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PISCES Rover tackles first test

The PISCES Planetary Rover during a test run at one of the Center's planetary analogue test sites on Hawaii Island. (Photo courtesy of PISCES)

The PISCES Planetary Rover during a test run at one of the Center’s planetary analogue test sites on Hawaii Island. (Photo courtesy of PISCES)

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PISCES’ ODG Alpha Argo planetary rover overcame its first challenge July 21-24 on a mock-martian/lunar surface at the PISCES planetary analogue test site near Hale Pohaku on Mauna Kea.

Project Manager Rodrigo Romo and his team maneuvered the 726 lb. rover over slopes of fly-ash and tephra, tested its cameras, wireless communication links, and successfully conducted a night-time drive at an altitude of about 9,000 feet.

The team also accomplished a key goal of remotely operating the rover atop the mountain from Gemini Observatory’s Mission Control Room in Hilo.

The rover covered 4,000 meters of ground over three documented drives and successfully utilized PISCES’ wireless communication links which packed enough signal to cover the entire valley that makes up the analogue site.

The nighttime drive yielded favorable results.

The team is now looking at adding an Infra Red (IR) LED-based illuminator as an alternative to improve depth visibility in the dark.

It took eight weeks for Romo and his robotics team to prepare the rover for the test-run.

University of Hawaii at Hilo Robotics Technicians Max Kerr and Casey Pearring, along with Akamai intern Nasre Manasrah of UH Maui College (UHMC), and summer volunteer Matt Takemoto of Western Washington University, all contributed to the successful mountainside traverse that tested the rover’s capabilities while giving the group valuable work experience in avionics.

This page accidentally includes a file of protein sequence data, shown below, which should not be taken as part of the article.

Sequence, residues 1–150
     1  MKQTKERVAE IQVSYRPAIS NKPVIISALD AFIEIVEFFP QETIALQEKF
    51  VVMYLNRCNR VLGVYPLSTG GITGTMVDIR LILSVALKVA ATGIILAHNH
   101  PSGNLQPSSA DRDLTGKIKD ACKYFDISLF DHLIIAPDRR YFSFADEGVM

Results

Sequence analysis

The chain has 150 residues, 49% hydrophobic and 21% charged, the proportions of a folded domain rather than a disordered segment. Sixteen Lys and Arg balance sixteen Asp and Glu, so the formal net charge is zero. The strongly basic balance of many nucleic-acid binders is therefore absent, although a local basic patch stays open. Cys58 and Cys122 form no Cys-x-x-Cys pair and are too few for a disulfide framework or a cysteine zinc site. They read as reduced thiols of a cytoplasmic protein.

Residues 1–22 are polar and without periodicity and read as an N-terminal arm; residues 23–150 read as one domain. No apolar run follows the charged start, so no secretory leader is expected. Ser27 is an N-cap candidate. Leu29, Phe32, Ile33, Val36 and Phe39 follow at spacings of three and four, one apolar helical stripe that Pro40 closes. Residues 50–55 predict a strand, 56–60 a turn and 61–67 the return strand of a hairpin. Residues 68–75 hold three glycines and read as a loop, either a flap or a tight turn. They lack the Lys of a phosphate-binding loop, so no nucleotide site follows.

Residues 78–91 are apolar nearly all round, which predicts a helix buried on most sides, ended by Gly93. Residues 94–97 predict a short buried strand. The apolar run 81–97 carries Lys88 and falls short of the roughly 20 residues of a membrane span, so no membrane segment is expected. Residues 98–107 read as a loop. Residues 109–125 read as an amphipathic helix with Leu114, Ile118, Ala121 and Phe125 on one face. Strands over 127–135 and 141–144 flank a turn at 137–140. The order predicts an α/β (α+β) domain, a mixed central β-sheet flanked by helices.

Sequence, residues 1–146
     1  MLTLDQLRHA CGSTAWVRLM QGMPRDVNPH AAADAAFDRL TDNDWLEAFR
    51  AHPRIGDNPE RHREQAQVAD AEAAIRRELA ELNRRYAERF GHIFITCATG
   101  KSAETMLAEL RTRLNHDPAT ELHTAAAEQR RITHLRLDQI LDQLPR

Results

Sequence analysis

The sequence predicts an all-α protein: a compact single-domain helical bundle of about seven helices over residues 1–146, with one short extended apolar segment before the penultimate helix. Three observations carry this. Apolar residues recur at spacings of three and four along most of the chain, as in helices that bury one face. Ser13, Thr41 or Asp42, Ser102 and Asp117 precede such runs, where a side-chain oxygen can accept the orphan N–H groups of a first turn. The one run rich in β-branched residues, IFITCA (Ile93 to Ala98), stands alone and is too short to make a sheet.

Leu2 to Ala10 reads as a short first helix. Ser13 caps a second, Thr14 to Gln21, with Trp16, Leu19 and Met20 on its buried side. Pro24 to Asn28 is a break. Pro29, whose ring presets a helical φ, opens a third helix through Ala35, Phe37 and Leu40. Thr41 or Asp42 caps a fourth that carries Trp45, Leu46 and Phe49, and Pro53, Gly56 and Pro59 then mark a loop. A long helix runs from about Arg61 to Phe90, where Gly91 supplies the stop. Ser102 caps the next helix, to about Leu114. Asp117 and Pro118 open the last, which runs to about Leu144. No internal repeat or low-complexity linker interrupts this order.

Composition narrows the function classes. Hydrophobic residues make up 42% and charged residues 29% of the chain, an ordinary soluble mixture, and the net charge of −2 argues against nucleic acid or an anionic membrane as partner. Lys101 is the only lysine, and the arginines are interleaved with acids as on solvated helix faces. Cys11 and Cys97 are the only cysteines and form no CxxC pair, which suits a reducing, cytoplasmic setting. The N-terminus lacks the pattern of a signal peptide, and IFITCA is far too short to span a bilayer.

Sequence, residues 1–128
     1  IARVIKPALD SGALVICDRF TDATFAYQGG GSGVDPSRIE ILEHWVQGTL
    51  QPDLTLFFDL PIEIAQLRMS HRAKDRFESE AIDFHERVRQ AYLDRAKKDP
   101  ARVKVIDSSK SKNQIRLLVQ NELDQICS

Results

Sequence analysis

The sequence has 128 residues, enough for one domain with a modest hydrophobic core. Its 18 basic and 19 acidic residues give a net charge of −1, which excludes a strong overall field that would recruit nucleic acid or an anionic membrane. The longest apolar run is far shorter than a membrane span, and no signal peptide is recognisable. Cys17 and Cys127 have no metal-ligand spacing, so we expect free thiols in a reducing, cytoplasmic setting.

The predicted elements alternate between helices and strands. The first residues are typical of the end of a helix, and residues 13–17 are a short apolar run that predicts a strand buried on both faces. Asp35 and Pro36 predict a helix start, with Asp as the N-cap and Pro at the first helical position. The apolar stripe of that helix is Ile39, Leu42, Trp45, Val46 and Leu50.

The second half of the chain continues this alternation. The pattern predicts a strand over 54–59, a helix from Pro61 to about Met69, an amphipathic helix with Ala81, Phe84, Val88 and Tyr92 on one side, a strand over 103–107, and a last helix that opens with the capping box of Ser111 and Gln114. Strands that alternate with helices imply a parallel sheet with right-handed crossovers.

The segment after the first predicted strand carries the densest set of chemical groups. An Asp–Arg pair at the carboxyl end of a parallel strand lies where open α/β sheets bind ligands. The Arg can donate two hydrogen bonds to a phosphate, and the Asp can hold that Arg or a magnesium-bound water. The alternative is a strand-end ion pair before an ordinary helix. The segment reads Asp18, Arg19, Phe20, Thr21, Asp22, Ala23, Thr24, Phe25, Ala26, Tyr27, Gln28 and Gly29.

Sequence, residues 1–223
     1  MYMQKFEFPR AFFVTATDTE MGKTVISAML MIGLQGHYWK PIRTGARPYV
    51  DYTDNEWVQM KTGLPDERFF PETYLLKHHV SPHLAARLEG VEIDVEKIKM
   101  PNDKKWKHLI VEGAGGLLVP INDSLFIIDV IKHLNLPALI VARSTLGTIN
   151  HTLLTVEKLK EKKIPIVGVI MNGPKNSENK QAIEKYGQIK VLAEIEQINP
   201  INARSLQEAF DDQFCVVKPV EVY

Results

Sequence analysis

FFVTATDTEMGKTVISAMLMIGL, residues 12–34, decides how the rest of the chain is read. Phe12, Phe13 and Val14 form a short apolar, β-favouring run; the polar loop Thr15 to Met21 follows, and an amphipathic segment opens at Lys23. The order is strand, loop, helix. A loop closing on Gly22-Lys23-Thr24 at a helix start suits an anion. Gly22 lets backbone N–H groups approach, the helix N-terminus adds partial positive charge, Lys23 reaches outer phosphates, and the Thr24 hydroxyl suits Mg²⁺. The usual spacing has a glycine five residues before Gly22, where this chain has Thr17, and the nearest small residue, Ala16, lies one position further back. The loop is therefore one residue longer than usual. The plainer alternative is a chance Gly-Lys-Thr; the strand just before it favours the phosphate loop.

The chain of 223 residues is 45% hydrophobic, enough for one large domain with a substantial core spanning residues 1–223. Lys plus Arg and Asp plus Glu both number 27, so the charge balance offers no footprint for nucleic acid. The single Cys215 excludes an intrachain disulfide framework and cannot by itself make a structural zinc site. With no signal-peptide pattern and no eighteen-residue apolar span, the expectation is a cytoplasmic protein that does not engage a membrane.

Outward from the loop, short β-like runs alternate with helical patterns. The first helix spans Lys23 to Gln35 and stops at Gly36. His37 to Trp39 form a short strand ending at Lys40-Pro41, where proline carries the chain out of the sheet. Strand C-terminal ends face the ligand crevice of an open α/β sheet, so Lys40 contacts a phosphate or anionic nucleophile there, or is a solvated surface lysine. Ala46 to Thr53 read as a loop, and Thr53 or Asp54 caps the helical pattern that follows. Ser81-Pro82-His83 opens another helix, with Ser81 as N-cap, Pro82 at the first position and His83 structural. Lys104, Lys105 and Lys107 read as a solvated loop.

The PISCES Robotics Team wishes to extend a special Mahalo to Marc Seibert and Bill Dearing from NASA for their help and support with the wireless communications links, which are made possible thanks to the construction of the portable PISCES Wi-Fi repeater relay system that was built in December of 2013.

PISCES hires UH Hilo Senior as robotics tech

Casey Pearring is PISCES’ newest staff member! Pearring is working as the Robotics Technician with Project Manager Rodrigo Romo on the planetary rover.

The Hilo native and Hilo High School graduate served as the lead programmer for the Hilo Viking Robotics team, and is now a senior at the University of Hawaii at Hilo studying Computer Science.

He will be responsible for the installation and programming of the command and control systems on the rover, as well as the navigation system and time delay emulator which mimics the signal delay that occurs between Earth and outer space.

Pearring is filling the position held by Max Kerr, who is leaving Hawaii to pursue a scholarship at Vanderbilt University.

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